• Wow thank you so much for this article Delaney. I deal with depression as well and this was such an encouragement to me! It took me almost 2 years to admit to someone that I struggled in this area because I was so ashamed. I didn’t think that you could be a good Christian and have depression. Thank you for this reminder.

    • Absolutely Ashley. I’m so happy that you learned that truth. Satan loves to make us feel less than enough. But in Christ, we don’t babe to be enough.

      • I see my Maniac Depression ( aka Bipolar Disorder) as a blessing. God used it to give me the gift of compassion and wanting to help those like me who suffer from mental illness. I also have been suicidal and God has saved me from my suicidal impulses multiple times. I need to put more trust in the one who created me and saved me . Jesus saves. Romans 7:15 , Romans 8:18.

        • I totally agree, Evan! Keep fighting! It’s rough, but God is faithful!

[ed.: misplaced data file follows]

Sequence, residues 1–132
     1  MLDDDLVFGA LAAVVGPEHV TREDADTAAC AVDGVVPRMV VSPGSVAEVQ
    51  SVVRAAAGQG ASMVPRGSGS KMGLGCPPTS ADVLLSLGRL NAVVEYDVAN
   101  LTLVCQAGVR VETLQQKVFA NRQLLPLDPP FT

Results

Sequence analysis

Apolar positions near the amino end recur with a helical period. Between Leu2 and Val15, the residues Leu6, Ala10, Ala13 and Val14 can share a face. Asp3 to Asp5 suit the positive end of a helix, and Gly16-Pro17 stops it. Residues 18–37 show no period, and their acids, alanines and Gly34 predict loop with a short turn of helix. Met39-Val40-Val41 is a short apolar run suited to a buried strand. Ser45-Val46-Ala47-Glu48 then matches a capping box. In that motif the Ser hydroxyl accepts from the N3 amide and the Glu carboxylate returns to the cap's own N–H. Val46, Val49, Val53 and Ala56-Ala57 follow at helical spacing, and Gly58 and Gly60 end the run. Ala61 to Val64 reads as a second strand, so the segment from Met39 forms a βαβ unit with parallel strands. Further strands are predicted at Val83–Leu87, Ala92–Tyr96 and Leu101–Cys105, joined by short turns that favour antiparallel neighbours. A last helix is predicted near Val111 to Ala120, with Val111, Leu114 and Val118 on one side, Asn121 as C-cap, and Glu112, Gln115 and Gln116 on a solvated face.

• I know this sounds crazy but one thing that I think should be prayed for is that fellow Christians sometimes they don’t understand… One of my friends in Cross Country he tried but just could not understand how mental illness was not caused by evil deeds done by the person who has the disorder. He was a really good friend but he could not grasp or understand my mental illness . Christians like him who don’t understand I sometimes pray for God to give them understanding.

        • I agree that sometimes it’s hard for other people to understand depression or anxiety disorders and that’s one of the reasons why it took me so long to admit to dealing with those. I don’t think people have to understand necessarily because I think that can be hard, but at least if they’re trying to understand and come alongside of us instead of just trying to “fix” us.
          But those who have gone through or are going through these feelings can really relate to each other more since we do understand what it’s like. :)

    • : ( I’m sorry that you have to deal with depression. WIth God’s help, you can fight it! : ) stay strong Ashley!